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Joe’s Weather Blog: Tornado Watch continues (THU-5/18)

Good evening…see my previous blog for a forecast update for FRI>SUN. This blog will update the evening and overnight situation. A Tornado Watch continues through 10PM. As I type this…the worst storms are located from Topeka westwards. There has been some large hail on the west side of Topeka and there have been a couple of brief tornadoes and there are a couple hook echoes running around well west of the area.

Here is a look at the NWS radar from Pleasant Hill.

While that Tornado Watch continues…at this point there isn’t really anything to pinpoint severe weather concerns on. There is a warm front right along I-70 but when the NWS in Topeka sent up a balloon to profile the atmosphere…there was a small cap that was indicated…and perhaps that is one reason whey storms locally, have struggled so far (that’s a good thing).

Here is a look at regional radar…and again while there is severe weather west of the area…nothing at 7:15pm is immediately threatening the KC vicinity. There may be some scattered showers between now and 10PM though.

Now about the rain…yes we should get some…but odds are the rains towards central KS and OK will move through late tonight…towards and after 10PM or so (if not a bit later). some locally heavy downpours are certainly possible with that. We’ll also watch for some gusty winds from the storms too.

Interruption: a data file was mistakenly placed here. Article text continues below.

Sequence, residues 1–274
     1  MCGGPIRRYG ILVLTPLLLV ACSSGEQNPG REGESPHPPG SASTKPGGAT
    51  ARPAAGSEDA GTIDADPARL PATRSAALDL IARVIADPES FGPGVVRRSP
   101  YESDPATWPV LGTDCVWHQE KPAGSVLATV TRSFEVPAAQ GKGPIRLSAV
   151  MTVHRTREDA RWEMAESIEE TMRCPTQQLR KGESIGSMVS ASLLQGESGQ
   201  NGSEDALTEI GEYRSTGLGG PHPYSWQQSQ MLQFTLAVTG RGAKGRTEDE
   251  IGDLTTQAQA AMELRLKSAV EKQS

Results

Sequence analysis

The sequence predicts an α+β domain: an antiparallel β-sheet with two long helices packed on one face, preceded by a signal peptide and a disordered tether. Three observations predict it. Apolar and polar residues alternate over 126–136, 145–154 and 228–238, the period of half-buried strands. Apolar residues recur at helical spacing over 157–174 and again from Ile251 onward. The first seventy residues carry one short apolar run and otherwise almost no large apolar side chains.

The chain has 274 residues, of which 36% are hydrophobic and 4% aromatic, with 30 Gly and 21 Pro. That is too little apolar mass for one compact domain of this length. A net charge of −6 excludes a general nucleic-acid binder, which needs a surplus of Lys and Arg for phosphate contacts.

Tomorrow there will be a “recharging” of the atmosphere and that could create additional storm chances later in the day or tomorrow night with more heavy rains…hence the Flash Flood Watch in effect into Saturday morning.

Interesting to note…thus far, while there have been 15 tornado reports…it appears that the tornadoes sort of “struggled” today to really get going. It will be interesting to see some post storm looks into this. I wonder 1) storms really got going early…sometimes that’s not a good thing for prolific development…2) once they got going they became numerous in coverage and that means they were fighting for the best instability. 3) HIGH risk jinx…for whatever reason it seems this year has been a bit weird in the “high” risk scenarios. It’s important to note that HIGH risks typically denote areas where there will be more intense and longer tracked tornadoes. Here is the definition about HIGH risks.

“An area where a severe weather outbreak is expected from either numerous intense and long-tracked tornadoes or a long-lived derecho-producing thunderstorm complex that produces hurricane-force wind gusts and widespread damage. This risk is reserved for when high confidence exists in widespread coverage of severe weather with embedded instances of extreme severe (i.e., violent tornadoes or very damaging convective wind events).”

In my opinion today would NOT be considered (so far at least) an accurate HIGH risk play out of events. The high risk continues for a least a little while longer…we’ll see if it gets dropped (reduced) in the next update coming shortly

So to recap…isolated activity is expected over the next few hours for the KC metro…the better rain/storm chances will be later tonight…there is still a risk of some severe storms (winds mostly).

We’ll keep watching it for you.

Joe

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